VW Golf Mk1 Hardcover book – Car’s history


VW Golf Mk1 Hardcover book in a series dedicated to classic Volkswagen cars. You will find hundreds of original photos of the legendary hatchback Golf Mk1 from the company’s advertising booklets published in the 70s – 80s. Thanks to special software that uses artificial intelligence technologies, it was possible to increase the resolution of scans to reveal small details of bodies and interiors in the photos. The illustrations are accompanied by dozens of technical and historical facts. The book, of course, will be a great gift to all current, former, and future Volkswagen Golf owners, as well as all those who appreciate vintage Volkswagen models.

Format 160×210 mm, hardcover, spine rounding, ribbon, full colour printing, premium quality matte coated paper, 252 pages.

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VW Golf Mk1 VW Hardcover book (fragment of text)

The name Golf has been inscribed in the history of the global automotive industry as the best-selling passenger car of the Volkswagen brand: 34 million and seven generations of Golf cars were produced over 45 years.

In the early 1970s, it became clear that it was time to replace the VW Beetle with a fundamentally new model that met modern realities.

The “golden” formula of the future Golf was first introduced by Volkswagen Chairman Rudolf Leiding: “The car should have a compact hatchback body, front-wheel drive, and a water-cooled engine.”

All this was embodied in the new car, which later gave the name to the European C-class. The first Golf rolled off the assembly line of the Wolfsburg factory on March 29, 1974. From that moment, a new era in the history of the company began.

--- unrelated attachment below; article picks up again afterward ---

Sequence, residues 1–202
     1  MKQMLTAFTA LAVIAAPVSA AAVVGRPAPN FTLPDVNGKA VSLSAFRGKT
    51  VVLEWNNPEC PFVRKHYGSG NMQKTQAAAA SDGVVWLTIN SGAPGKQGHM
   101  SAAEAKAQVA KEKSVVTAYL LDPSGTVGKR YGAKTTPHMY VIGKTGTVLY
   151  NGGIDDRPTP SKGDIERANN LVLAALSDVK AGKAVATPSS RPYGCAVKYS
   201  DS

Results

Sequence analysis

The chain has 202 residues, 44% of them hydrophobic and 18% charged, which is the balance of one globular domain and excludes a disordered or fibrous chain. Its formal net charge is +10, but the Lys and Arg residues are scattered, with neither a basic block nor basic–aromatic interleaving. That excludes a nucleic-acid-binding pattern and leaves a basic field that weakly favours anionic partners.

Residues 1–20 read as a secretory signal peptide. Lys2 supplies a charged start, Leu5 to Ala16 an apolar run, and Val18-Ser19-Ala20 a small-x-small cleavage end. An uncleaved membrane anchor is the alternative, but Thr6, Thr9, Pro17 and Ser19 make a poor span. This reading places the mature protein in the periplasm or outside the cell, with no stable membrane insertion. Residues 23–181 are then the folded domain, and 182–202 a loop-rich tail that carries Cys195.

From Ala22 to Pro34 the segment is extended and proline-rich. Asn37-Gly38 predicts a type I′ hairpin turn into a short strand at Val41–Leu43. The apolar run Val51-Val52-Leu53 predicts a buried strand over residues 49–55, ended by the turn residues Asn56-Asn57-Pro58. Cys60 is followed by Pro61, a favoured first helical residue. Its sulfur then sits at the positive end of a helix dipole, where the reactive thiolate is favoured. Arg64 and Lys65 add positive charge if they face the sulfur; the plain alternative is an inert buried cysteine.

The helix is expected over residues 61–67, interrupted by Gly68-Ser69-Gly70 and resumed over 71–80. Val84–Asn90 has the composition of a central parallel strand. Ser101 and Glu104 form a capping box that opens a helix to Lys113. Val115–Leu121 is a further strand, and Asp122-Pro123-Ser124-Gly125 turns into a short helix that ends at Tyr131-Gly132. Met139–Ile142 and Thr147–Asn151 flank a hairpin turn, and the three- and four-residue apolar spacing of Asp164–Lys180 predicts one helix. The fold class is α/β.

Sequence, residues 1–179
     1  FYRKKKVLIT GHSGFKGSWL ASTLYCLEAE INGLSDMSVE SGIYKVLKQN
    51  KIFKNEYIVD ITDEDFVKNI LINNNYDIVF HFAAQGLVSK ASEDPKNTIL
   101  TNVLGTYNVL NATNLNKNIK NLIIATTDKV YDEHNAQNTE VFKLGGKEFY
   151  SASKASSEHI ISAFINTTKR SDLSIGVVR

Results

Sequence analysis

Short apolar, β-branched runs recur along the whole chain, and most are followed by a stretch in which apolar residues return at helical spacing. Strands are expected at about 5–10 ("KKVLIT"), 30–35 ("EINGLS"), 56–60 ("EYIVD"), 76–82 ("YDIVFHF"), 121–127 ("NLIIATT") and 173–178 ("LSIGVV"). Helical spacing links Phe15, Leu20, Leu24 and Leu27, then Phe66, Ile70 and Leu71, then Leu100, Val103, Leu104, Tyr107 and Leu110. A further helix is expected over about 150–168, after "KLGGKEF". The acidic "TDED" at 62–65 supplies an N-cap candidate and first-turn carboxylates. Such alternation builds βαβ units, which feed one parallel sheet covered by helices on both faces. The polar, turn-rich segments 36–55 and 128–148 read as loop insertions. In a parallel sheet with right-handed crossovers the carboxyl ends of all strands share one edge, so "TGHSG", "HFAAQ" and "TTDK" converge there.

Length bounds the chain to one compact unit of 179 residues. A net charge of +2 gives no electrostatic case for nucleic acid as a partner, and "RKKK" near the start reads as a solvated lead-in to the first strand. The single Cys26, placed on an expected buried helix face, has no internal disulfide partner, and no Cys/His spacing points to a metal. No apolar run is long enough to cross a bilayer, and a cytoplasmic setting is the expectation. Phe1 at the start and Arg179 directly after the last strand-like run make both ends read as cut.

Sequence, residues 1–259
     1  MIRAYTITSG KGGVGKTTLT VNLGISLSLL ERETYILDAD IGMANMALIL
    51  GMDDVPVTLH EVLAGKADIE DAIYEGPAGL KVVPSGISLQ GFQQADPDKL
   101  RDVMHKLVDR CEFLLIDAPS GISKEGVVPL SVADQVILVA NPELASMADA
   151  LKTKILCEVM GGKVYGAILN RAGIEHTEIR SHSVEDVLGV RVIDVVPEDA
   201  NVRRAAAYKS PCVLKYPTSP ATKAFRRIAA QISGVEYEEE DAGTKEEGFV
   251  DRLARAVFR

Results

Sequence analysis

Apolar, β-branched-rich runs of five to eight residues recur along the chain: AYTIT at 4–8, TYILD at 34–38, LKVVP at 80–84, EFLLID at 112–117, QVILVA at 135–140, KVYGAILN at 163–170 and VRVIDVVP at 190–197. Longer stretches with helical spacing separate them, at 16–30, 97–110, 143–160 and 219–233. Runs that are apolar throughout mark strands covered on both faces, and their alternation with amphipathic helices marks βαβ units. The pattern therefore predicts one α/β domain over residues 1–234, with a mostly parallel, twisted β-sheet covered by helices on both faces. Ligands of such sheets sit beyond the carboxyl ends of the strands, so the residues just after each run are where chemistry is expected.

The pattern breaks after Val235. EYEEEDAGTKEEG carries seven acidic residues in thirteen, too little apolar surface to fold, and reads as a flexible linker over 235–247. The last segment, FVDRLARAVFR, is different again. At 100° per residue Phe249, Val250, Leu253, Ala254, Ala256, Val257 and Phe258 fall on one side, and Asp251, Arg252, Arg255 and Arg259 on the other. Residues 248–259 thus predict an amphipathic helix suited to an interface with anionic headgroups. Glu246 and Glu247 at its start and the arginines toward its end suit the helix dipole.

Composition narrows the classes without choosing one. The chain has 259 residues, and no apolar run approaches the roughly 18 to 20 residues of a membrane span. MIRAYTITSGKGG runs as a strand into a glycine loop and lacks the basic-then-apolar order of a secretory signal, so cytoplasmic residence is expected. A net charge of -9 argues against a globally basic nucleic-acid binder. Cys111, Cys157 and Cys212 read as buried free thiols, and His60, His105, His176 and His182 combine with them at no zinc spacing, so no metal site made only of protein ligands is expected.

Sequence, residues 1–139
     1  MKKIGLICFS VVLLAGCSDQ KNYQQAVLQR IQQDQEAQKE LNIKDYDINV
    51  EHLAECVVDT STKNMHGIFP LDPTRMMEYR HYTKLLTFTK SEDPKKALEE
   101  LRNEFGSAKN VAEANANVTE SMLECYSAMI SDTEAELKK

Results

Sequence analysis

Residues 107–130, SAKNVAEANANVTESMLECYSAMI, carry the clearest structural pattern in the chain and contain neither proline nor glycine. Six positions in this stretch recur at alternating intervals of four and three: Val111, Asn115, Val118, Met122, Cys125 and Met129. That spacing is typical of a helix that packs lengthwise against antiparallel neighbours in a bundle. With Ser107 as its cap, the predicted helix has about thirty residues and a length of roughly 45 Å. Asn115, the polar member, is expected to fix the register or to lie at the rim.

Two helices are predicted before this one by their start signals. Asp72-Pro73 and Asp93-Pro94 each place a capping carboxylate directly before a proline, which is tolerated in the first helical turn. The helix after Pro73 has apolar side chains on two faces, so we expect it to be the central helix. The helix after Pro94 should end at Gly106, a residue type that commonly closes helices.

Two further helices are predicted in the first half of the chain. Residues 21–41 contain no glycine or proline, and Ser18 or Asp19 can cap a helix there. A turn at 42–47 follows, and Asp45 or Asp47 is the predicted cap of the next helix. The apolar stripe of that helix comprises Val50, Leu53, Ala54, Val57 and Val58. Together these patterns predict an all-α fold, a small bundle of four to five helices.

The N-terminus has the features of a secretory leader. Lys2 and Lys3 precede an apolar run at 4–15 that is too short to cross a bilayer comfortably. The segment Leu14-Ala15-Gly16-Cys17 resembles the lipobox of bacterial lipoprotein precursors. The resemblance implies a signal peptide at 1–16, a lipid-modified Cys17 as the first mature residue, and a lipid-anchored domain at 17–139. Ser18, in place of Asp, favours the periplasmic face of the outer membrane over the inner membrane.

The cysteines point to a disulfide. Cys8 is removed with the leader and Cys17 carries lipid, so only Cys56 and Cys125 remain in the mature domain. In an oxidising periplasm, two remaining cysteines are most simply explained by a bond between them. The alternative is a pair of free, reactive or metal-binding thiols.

The creation of Golf coincided with the global energy crisis. Therefore, the appearance of a compact inexpensive model with an economical engine allowed Volkswagen to quickly attract the attention of potential buyers to the new car.

To reduce costs, the project actively used the already existing experience of specialists from Audi’s sister company NSU Auto Union AG – Hans-Gerd Wenderoth, Werner Holstein, and Franz Hauck. In particular, the 1.1-liter 50-hp engine was “shared” by Audi 50, and the 1.5-liter 70-hp by the Audi 80.

Later, borrowing bold ideas and original technical solutions from Audi colleagues became the norm for the “parent” company VW. The famous Italian designer Giorgetto Giugiaro, who previously participated in creating various Audi and VW models, took part in developing the first generation Golf.

The new car was supposed to be a worthy replacement for the iconic VW Beetle, but in the spring of 1974, no one was sure that this task would be successfully accomplished.

Nevertheless, the front-wheel drive layout, spacious interior, and original modern design so captured the hearts of motorists that the company celebrated the production of the 1 millionth Golf in October 1976.

Advertising at the time described the car as follows: “Golf offers maximum luggage space and safety. It is uncompromisingly designed for practical use.

The low midline and sloping hood provide good visibility, and the location of the rear window makes it easier to reverse.” It is noteworthy that these words are also true for the new generations of the model…

In 1983, production of the first generation Golf was discontinued. Over 9 years, the company produced and sold 6.99 million of the best-selling Jetta, including the convertible and the Jetta sedan. It is safe to say that Golf determined the direction of development of the global automotive industry for many years.

In the 1970s, Volkswagen began experimenting with various types of powertrains, including electric ones. In 1976, VW engineers developed a prototype version of an electric Golf. The car was equipped with a 20 kW (27 hp) engine and a 4-speed manual transmission. Power for the engine was provided by a set of 16 individual 6-volt lead-acid batteries located under the seats and in the trunk.

The onboard charger allowed the batteries to be charged from a regular 220 volt outlet, which took about 12 hours. The connector was in the place of a standard gas tank. The car was used to test the technology of using electric traction as an alternative energy source.

Read the continuation of VW Golf Mk1 story in the book.

Other books about history of Volkswagen:

VW Golf Mk3&4

VW Transporter T3 (Type 2)

VW Transporter T1 (Type 2)

VW Transporter T2 (Type 2)

VW Golf Mk2

VW Beetle (Type 1)


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